Can I buy stocks with my credit card?

Most brokerages will not allow you to directly buy stocks with a credit card. Instead, one way to invest your credit card rewards is by using a cash back credit card like the SoFi credit card. You can earn cash back with each purchase and then directly invest those funds with your SoFi Invest account.

What is the smartest way to use a credit card that has rewards?

The first thing that you’ll want to do when using a credit card is make sure that you have the financial discipline and ability to pay off your credit card in full each month. This ensures that you won’t be charged any interest or fees. Then, decide how your credit card rewards will make the biggest impact in your financial life.


Photo credit: iStock/MStudioImages

SoFi Invest®
INVESTMENTS ARE NOT FDIC INSURED • ARE NOT BANK GUARANTEED • MAY LOSE VALUE
SoFi Invest encompasses two distinct companies, with various products and services offered to investors as described below: Individual customer accounts may be subject to the terms applicable to one or more of these platforms.
1) Automated Investing and advisory services are provided by SoFi Wealth LLC, an SEC-registered investment adviser (“SoFi Wealth“). Brokerage services are provided to SoFi Wealth LLC by SoFi Securities LLC.
2) Active Investing and brokerage services are provided by SoFi Securities LLC, Member FINRA (www.finra.org)/SIPC(www.sipc.org). Clearing and custody of all securities are provided by APEX Clearing Corporation.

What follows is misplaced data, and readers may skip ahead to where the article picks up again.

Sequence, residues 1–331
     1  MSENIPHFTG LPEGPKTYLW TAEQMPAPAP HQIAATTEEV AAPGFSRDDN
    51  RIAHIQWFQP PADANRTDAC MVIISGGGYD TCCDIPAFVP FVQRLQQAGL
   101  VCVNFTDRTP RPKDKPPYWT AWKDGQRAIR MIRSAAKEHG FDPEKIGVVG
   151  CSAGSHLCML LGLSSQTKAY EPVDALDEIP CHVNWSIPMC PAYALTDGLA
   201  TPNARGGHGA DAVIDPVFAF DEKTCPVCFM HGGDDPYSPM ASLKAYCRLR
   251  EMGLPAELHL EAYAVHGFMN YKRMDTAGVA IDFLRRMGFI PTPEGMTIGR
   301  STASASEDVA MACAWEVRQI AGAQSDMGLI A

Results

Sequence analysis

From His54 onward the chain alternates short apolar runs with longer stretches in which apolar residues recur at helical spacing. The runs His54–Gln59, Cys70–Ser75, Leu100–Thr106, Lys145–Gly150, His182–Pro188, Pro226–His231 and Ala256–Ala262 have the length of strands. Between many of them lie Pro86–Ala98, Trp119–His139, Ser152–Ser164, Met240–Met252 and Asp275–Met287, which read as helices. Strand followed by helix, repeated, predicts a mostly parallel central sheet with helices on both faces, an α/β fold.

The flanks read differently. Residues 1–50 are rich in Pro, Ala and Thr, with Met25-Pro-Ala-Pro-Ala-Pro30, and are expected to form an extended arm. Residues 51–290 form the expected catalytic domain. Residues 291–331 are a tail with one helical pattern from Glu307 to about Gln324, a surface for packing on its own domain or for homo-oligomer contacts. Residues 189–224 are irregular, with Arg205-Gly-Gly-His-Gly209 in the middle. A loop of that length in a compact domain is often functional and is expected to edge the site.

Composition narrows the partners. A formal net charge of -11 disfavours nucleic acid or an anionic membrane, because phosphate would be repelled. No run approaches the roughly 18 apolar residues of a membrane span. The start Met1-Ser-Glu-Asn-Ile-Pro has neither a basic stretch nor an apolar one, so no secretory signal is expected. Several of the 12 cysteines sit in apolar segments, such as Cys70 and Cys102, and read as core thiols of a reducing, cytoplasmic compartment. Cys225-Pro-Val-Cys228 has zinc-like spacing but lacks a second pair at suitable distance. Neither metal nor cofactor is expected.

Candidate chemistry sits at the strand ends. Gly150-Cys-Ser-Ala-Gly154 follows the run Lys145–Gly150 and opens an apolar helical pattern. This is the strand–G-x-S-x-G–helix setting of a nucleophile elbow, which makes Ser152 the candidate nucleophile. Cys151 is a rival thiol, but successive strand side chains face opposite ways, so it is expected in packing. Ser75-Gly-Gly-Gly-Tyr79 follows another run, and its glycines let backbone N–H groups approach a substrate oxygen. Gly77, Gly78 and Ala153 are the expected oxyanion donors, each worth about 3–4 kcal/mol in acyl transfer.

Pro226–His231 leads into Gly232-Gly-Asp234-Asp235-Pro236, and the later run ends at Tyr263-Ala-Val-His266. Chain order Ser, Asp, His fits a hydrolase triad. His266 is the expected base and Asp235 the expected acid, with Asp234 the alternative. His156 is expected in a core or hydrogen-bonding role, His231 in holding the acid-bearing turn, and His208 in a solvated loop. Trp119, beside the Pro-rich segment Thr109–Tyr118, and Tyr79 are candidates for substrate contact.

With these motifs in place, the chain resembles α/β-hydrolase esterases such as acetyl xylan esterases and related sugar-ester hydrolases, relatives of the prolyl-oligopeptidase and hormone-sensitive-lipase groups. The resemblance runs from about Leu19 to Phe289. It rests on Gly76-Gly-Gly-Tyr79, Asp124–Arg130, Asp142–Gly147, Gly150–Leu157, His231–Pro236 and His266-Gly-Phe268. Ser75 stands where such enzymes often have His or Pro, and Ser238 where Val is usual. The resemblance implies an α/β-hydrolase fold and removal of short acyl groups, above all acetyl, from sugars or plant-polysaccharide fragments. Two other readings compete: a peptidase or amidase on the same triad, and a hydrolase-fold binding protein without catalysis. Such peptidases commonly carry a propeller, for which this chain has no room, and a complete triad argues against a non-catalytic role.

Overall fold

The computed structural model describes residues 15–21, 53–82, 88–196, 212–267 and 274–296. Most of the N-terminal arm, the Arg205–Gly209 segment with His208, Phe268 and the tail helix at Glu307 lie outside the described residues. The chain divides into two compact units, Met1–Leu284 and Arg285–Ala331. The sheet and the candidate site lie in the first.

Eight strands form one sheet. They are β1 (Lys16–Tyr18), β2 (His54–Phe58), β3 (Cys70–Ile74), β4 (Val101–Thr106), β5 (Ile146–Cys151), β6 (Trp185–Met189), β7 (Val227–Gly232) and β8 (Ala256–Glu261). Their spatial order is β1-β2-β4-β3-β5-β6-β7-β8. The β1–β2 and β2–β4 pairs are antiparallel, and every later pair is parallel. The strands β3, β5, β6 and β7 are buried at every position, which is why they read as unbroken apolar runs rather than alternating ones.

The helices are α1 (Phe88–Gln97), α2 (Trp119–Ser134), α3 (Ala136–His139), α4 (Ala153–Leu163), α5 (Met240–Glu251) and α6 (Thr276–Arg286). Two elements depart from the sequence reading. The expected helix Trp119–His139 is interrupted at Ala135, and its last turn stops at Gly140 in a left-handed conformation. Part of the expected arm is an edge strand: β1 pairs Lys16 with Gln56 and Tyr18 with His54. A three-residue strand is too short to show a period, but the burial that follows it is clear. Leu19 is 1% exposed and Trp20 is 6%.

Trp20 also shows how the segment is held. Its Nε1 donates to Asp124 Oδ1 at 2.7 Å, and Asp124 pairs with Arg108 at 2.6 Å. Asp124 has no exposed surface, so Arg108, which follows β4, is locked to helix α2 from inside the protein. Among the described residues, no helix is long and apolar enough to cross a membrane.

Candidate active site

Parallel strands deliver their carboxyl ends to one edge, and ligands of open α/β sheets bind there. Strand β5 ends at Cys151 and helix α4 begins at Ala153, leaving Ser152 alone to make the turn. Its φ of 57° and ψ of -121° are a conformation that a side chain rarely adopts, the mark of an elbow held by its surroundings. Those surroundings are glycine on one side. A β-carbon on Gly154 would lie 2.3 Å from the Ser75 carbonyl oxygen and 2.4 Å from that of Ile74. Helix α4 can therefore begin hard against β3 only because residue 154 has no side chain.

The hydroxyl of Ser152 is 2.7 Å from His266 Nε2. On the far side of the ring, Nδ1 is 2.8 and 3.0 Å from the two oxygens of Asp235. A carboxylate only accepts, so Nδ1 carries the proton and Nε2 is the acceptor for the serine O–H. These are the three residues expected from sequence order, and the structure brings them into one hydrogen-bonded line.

For additional disclosures related to the SoFi Invest platforms described above please visit SoFi.com/legal.
Neither the Investment Advisor Representatives of SoFi Wealth, nor the Registered Representatives of SoFi Securities are compensated for the sale of any product or service sold through any SoFi Invest platform.

Financial Tips & Strategies: The tips provided on this website are of a general nature and do not take into account your specific objectives, financial situation, and needs. You should always consider their appropriateness given your own circumstances.



New and existing Checking and Savings members who have not previously enrolled in direct deposit with SoFi are eligible to earn a cash bonus when they set up direct deposits of at least $1,000 over a consecutive 25-day period. Cash bonus will be based on the total amount of direct deposit. The Program will be available through 12/31/23. Full terms at sofi.com/banking. SoFi Checking and Savings is offered through SoFi Bank, N.A. Member FDIC.

SoFi members with direct deposit can earn up to 4.00% annual percentage yield (APY) interest on Savings account balances (including Vaults) and up to 1.20% APY on Checking account balances. There is no minimum direct deposit amount required to qualify for these rates. Members without direct deposit will earn 1.20% APY on all account balances in Checking and Savings (including Vaults). Interest rates are variable and subject to change at any time. These rates are current as of 3/17/2023. Additional information can be found at https://www.sofi.com/legal/banking-rate-sheet